A network addressing plan might include using a different range of addresses within each subnet, for each type of device.

Addresses for Clients

Because of the challenges associated with static address management, end user devices often have addresses dynamically assigned, using Dynamic Host Configuration Protocol (DHCP). DHCP is generally the preferred method of assigning IP addresses to hosts on large networks because it reduces the burden on network support staff and virtually eliminates entry errors.

Another benefit of DHCP is that an address is not permanently assigned to a host but is only leased for a period of time. If we need to change the subnetting scheme of our network, we do not have to statically reassign individual host addresses. With DHCP, we only need to reconfigure the DHCP server with the new subnet information. After this has been done, the hosts only need to automatically renew their IP addresses.

Addresses for Servers and Peripherals

Any network resource, such as a server or a printer, should have a static IP address, as shown in the figure. The client hosts access these resources using the IP addresses of these devices. Therefore, predictable addresses for each these servers and peripherals are necessary.

Servers and peripherals are a concentration point for network traffic. There are many packets sent to and from the IPv4 addresses of these devices. When monitoring network traffic with a tool like Wireshark, a network administrator should be able to rapidly identify these devices. Using a consistent numbering system for these devices makes the identification easier.

Addresses for Hosts that are Accessible from Internet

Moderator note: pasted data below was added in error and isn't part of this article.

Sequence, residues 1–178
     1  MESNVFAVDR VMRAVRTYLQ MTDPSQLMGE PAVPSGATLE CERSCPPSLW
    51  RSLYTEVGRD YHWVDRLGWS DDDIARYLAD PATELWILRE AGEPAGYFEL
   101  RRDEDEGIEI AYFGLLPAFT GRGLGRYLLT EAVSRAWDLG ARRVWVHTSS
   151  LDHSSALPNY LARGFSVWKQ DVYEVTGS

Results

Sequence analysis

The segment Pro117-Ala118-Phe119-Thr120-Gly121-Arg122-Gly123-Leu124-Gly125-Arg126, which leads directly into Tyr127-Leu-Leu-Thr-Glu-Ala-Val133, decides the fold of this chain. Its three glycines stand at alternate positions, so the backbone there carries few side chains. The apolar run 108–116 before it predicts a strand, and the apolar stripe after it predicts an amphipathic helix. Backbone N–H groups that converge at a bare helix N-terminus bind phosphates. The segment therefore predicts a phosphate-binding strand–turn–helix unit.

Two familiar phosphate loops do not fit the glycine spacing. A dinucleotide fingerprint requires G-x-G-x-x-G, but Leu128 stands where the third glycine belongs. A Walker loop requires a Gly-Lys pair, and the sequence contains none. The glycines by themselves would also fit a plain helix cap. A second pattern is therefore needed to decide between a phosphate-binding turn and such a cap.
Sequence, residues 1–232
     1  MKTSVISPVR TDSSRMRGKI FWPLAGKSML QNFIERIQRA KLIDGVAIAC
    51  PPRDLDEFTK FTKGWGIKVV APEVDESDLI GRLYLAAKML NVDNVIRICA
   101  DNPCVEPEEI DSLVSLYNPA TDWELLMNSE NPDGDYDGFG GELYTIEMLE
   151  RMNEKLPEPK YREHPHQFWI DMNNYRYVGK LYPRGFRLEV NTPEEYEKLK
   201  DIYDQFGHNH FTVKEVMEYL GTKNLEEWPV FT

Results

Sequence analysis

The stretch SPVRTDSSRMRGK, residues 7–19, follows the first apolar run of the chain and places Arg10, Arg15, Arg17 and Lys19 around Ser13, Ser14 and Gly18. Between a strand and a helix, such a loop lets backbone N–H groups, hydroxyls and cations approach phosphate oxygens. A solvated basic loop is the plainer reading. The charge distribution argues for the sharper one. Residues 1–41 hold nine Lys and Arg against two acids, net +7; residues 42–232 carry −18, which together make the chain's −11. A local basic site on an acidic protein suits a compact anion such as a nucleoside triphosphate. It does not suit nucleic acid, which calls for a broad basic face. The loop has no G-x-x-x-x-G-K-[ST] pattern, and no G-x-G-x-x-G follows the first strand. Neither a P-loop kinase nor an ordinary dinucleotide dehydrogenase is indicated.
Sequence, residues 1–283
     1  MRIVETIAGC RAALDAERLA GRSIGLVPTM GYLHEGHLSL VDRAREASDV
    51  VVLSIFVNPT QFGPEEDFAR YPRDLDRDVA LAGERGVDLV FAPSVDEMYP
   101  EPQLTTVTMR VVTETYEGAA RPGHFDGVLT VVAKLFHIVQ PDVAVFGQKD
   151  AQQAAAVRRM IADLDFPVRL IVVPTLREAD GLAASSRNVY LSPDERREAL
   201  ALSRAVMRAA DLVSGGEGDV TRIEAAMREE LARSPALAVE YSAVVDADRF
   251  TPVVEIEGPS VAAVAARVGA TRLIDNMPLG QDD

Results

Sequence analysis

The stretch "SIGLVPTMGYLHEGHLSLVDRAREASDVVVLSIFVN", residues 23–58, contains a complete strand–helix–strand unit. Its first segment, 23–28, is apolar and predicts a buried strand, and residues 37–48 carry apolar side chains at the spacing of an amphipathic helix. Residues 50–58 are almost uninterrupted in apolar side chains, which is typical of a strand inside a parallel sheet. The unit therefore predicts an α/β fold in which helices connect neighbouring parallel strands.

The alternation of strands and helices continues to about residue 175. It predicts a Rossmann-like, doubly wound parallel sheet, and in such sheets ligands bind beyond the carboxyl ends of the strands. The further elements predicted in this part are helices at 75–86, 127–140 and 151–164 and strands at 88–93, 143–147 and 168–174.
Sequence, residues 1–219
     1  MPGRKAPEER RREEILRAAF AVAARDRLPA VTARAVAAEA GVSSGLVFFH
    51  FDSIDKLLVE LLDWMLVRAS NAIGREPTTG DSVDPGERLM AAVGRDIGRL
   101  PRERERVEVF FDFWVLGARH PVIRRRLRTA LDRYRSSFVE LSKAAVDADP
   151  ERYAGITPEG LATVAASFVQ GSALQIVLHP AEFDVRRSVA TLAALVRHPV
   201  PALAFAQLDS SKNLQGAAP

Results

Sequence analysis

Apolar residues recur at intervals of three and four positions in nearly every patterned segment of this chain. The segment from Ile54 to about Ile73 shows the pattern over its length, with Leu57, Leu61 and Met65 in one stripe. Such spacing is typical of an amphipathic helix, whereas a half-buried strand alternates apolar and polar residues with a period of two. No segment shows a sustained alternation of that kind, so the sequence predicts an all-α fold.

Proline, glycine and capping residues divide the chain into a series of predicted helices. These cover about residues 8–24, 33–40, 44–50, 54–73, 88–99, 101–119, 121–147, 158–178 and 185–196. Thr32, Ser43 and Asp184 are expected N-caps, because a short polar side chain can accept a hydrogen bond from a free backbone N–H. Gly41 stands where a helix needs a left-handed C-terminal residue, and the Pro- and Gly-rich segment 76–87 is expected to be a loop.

In most internetworks, only a few devices are accessible by hosts outside of the corporation. For the most part, these devices are usually servers of some type. As with all devices in a network that provide network resources, the IP addresses for these devices should be static.

In the case of servers accessible by the Internet, each of these must have a public space address associated with it. Additionally, variations in the address of one of these devices will make this device inaccessible from the Internet. In many cases, these devices are on a network that is numbered using private addresses. This means that the router or firewall at the perimeter of the network must be configured to translate the internal address of the server into a public address. Because of this additional configuration in the perimeter intermediary device, it is even more important that these devices have a predictable address.

Addresses for Intermediary Devices

Intermediary devices are also a concentration point for network traffic. Almost all traffic within or between networks passes through some form of intermediary device. Therefore, these network devices provide an opportune location for network management, monitoring, and security.

Most intermediary devices are assigned Layer 3 addresses, either for the device management or for their operation. Devices, such as hubs, switches, and wireless access points do not require IPv4 addresses to operate as intermediary devices. However, if we must access these devices as hosts to configure, monitor, or troubleshoot network operation, they must have addresses assigned.

Because we must know how to communicate with intermediary devices, they should have predictable addresses. Therefore, their addresses are typically assigned manually. Additionally, the addresses of these devices should be in a different range within the network block than user device addresses.

Address for the Gateway (Routers and Firewalls)

Unlike the other intermediary devices mentioned, routers and firewall devices have an IP address assigned to each interface. Each interface is in a different network and serves as the gateway for the hosts in that network. Typically, the router interface uses either the lowest or highest address in the network. This assignment should be uniform across all networks in the corporation so that network personnel will always know the gateway of the network no matter which network they are working on.

Router and firewall interfaces are the concentration point for traffic entering and leaving the network. Because the hosts in each network use a router or firewall device interface as the gateway out of the network, many packets flow through these interfaces. Therefore, these devices can play a major role in network security by filtering packets based on source and/or destination IP addresses. Grouping the different types of devices into logical addressing groups makes the assignment and operation of this packet filtering more efficient.